I still look at tablestakes things like pricing and features, but with so many amazing HR Tech solutions on the market, I try to focus in on those supporting a similar purpose. I’m in the midst of selecting a performance management tool. There are dozens of solid options out there – each solving the problem a little bit differently and all potentially presenting a ton of value to my organization. The leading candidate, though, has about 150 clients and their content is really focused on culture more than performance management. Their tool does really neat things on its own, but it sure is reassuring to know that they are thinking about it as a solution not just to help with comp reviews or exiting people, but as a key component to building a high-performing culture.

 

Saying goodbye … to a company

I’ve been talking to a number of people lately about the emotions that come along with a job transition, and I can’t help but compare it to a break up. No, they aren’t always bad and painful things. And they can be necessary to grow yourself and your career. But even on amicable terms, they can often hurt. Here are some of the ways they are similar:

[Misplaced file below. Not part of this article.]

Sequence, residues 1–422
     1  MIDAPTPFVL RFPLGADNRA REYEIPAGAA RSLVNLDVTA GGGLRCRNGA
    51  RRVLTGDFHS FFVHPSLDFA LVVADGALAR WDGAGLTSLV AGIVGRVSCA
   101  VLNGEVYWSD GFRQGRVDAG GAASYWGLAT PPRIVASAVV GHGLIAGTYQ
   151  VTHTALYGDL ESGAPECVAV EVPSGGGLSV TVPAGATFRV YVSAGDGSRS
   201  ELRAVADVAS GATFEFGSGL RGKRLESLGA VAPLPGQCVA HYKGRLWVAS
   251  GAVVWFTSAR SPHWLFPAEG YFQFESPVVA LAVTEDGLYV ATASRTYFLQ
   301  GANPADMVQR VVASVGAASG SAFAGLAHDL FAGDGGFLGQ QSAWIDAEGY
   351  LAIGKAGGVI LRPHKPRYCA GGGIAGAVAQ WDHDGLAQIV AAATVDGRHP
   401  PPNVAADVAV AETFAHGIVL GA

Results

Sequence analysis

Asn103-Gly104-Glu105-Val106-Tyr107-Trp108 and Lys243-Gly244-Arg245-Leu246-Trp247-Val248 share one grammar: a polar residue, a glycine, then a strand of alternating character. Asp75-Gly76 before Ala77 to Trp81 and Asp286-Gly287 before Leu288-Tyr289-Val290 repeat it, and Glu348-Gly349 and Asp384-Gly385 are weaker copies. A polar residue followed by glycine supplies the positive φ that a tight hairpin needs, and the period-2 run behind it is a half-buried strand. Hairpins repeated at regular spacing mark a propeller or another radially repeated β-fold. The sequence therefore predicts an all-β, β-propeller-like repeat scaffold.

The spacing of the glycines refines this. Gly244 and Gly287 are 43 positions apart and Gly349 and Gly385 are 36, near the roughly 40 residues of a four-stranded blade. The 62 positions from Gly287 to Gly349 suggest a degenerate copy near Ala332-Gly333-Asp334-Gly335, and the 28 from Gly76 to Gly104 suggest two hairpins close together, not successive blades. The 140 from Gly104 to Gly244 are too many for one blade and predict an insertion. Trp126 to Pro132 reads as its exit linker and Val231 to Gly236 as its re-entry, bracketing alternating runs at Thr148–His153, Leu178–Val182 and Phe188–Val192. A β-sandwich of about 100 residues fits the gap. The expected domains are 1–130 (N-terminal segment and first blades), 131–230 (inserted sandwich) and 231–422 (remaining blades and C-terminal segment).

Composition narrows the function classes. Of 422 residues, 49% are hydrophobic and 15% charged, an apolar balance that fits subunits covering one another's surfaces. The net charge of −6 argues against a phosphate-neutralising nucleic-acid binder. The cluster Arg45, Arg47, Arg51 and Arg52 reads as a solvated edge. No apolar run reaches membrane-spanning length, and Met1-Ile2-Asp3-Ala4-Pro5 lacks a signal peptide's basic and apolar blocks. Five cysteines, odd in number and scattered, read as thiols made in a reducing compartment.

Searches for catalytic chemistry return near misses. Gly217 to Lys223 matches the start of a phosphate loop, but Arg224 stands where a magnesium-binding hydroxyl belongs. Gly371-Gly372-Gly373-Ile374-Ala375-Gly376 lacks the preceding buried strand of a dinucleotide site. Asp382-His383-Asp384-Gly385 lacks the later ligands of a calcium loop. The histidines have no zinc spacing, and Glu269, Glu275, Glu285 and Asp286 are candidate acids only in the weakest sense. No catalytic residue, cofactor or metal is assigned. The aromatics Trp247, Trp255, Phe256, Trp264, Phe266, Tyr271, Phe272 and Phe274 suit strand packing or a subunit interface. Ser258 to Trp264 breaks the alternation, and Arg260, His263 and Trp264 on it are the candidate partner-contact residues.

Stay together for the kids. Ok, not literally. But it seems that most people I’ve spoken to were trying to hang in there for something. Maybe it’s vesting options. Or a co-worker or team they really adored. Or clinging to hopes that the good ole days would return, or that horrible boss would be fired. If you get to a point where the work isn’t getting you out of bed in the morning and exciting you – it’s probably time to consider moving on or figuring out if there’s a way to reinvigorate things before your partner (aka your employer) ends the relationship for you.

Sometimes it hurts so much to lose the one you love. Boom. I worked in a 90’s reference. Bonus points if anyone recognizes it. I’ve talked to very few people who didn’t feel some sense of loss when leaving a job. Maybe it’s for one of the reasons above, but it’s not uncommon for people to feel a loss of some part of their identity. This is magnified 10x if someone isn’t ready to leave a company. There’s some research that indicates death, divorce and job loss are the most stressful things people have to endure.